Sure enough the earthquake came to be and Natalie and Hubert were brought back to the T.V. studio. For just over a year she came in twice a week to record the Natalie Kettle show, where she made unerring predictions. Sometimes the predictions were mild, like a thunderstorm rolling into town or highways being blocked off. Other times she helped missing people be found, foresaw counties invading each other in the middle east, foresaw disease epidemics and hungers across the world.
One early summer day a psychologist came in to the studio to meet Natalie and her grandfather. She found them in the recording studio. Natalie was having her make up finished just before she went on stage. 
"Excuse me, Natalie?" The psychologist said. "I'm Dr. Winters. Would it be okay if I talked to you for a minute?"
Natalie looked up from her chair at the doctor. Dr. Winters recognized mistrust in her almond shaped eyes. 
"They told us last week that we would be investigated." Natalie said.
Dr. Winters laughed. "Oh no, not investigated. The university that I work for has been given a grant to study Extra Sensory Perception."
"You mean my being able to predict things?"
"Yes. I just wanted to ask you what it's like. Do you have a vision?"
"Like pictures? No. It's not pictures and it's not words. It's not... It's like it just comes into my mind. I just know."
"I see."
"One thing I have noticed is that I can only predict something if I already know about it. Like the missing girl. I only had that prediction after I saw on T.V. that she was missing."
"So if it's not already in your consciousness, you can't predict it." Dr. Winters sized up the girl. She spoke like she was much older then eleven. 
The make up artist finished his work. The assistant came and told Natalie it was time to start recording. Dr. Winters and Hubert walked together to watch Natalie do her work.
"I believe that her ability is as much of a curse as it is a blessing." Hubert said. Dr. Winters looked at him with a raised eyebrow, a question.
"I often wonder what it would be like," Hubert continued. "To be able to see into tomorrow. What a dreadful weight it must be to know of disasters and death but be unable to do anything about it." Dr. Winters nodded thoughtfully.
Just then the assistant came and got Hubert. "Is there a problem?" The girl's grandfather asked. 
"I don't know. Natalie needs to see you." The assistant said. Hubert rushed over to where Natalie was sitting in front of the cameras. A small crowd of people had formed around her, including Mr. Wellman. Hubert pushed pass them. Natalie was bent over in her chair, holding her stomach. She stared off into space, her eyes listless and dull. When her attention came back to the world around her, her eyes were fiercely afraid. Ringlets of sweat made their way down her face.
"I need to go home, grandfather. I need to go home. I need to go home..." Natalie said.
"Then home we will go." Hubert responded.
"Wait!" Mr. Wellman interjected, as he is ought to do. He took a knee to look Natalie in the eye.
"Natalie ,sweetheart, what's the matter? Do you need a doctor?"
"No, no, not a doctor." Natalie said. "I just need to go home right now. I can't do the show today."
"But what about the production schedule?" Mr. Wellman realized as soon as he said it that wouldn't mean anything to an 11 year old girl. He tried a different angle. "What about your adoring fans? You know, there are people out there right now waiting at their television sets, just to see you. They'll be afraid if you don't record the show today. Tell you what, if you can get through today, the station will foot the bill for you to go on a two week long vacation anywhere you want. Europe, Asia, anywhere. Deal?"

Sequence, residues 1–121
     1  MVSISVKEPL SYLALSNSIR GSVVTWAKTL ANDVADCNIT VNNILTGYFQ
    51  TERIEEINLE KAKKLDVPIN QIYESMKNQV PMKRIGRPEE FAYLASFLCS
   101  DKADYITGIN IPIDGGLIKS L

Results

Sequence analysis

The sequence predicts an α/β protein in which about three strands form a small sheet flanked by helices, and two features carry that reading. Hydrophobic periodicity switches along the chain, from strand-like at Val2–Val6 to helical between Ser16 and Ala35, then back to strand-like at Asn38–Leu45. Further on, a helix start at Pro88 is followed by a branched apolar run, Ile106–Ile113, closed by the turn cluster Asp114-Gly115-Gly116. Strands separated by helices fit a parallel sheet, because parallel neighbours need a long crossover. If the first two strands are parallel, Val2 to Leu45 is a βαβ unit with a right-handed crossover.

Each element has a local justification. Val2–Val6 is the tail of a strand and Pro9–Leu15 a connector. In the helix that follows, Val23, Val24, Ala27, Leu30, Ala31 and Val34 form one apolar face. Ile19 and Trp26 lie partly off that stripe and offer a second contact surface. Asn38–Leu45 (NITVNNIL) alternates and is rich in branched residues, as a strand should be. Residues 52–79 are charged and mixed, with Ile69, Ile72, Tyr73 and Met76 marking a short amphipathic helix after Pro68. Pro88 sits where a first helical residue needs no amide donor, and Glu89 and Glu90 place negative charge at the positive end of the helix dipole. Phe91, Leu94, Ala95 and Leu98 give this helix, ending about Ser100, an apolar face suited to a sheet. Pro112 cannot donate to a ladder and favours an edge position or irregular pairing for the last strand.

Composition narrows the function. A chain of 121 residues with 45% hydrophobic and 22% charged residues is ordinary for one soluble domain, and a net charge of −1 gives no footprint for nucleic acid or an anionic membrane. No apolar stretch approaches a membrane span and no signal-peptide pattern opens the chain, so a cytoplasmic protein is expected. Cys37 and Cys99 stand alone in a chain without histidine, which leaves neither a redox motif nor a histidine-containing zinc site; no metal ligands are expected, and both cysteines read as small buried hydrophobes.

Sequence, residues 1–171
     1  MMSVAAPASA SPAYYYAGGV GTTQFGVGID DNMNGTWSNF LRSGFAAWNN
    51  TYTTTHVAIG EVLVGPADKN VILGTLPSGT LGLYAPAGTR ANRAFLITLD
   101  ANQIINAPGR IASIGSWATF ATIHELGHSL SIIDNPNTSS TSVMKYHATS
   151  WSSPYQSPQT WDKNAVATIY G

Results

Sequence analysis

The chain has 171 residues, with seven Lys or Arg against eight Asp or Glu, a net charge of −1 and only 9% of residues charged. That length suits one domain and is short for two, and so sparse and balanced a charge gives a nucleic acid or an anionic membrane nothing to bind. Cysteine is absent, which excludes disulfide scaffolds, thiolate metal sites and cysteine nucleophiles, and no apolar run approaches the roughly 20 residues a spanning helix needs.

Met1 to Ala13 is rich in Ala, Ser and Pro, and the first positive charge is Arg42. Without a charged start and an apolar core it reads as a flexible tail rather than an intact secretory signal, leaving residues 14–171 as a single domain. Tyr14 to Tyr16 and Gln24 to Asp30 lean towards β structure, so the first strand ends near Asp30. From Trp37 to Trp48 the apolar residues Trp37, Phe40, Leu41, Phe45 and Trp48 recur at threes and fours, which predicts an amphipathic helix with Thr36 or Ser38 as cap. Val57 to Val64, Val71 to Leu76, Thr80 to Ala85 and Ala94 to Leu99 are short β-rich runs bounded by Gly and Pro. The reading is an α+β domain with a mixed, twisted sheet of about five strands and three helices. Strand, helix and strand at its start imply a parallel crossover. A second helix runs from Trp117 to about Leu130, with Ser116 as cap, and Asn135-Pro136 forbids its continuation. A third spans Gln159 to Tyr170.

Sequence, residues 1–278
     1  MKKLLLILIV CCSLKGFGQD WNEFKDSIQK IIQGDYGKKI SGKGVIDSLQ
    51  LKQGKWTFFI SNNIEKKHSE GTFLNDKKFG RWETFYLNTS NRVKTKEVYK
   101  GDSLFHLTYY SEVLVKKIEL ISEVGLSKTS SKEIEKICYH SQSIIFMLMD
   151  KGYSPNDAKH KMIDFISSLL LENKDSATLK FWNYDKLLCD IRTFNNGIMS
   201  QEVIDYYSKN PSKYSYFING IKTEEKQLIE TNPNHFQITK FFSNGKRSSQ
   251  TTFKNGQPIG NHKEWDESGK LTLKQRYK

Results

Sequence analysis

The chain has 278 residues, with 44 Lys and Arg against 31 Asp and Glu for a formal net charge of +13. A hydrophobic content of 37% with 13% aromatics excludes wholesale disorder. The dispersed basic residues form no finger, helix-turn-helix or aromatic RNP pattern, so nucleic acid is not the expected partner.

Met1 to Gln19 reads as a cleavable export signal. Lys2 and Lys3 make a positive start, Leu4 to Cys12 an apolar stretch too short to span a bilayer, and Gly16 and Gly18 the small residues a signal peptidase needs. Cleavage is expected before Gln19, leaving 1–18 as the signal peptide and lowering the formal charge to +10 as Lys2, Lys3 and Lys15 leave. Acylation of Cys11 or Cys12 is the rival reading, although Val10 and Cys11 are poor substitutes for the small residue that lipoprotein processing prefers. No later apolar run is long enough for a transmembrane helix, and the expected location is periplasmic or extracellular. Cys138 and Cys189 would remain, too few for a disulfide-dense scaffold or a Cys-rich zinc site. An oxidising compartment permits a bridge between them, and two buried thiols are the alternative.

Natalie used her sleeve to wipe the sweat from her brow. Hubert could tell that she was unwell but left the decision to her. It was her gift, after all.
"Okay." Natalie said.
Natalie talked about school and what she had learned that day for the entire twenty minutes. She didn't make a single prediction. Mr. Wellman complained loudly to Hubert. Hubert told him that Natalie was holding something back, and to just be patient. 
"Well," Natalie said at the end of the show. "I guess that's all I have to share about me today. I want to... I want to tell you all about tomorrow." She was as serious and austere as a preacher at a funeral. Her eyes relayed deep abiding dread.
"Tomorrow... tomorrow is going to be a very important day. It's going to be a new day. So far we've seen a lot of bad stuff. We've seen war, we've seen plague, we've seen famines." Natalie started to cry. "People have staved when there's been food. People have died of disease when there's been cures. People have been lost in their anger and hate for each other. We've seen so much hate. I don't understand it. I don't understand any of it. But tomorrow is going to be different. Tomorrow, for the first time since humans have lived on this planet, we're going to start living how we should. Like brothers and sisters side by side with each other. We're going to forget all about bombs and breaking and killing. All around the world a type of garden will grow, and we all will nourish it together. Tomorrow will be the start of all of that. Tomorrow... tomorrow will be a better day. Goodnight."
After the show Natalie, her grandfather and Dr. Winters walked out of the cramped studio into the evening sunset. The sun was orange and crimson and strong, casting the busy street into those colors. Natalie looked wistfully at the sun, still crying. Her grandfather put his hand on her shoulder and whispered to her.
"What's really going to happen tomorrow, Natalie?"
"I just learned about it today, Grandpa. It's called a solar flare. The sun's going to get hotter, so hot. But don't worry, Grandpa. Nobody is going to feel it. It'll just be a flash of light and it'll all be over."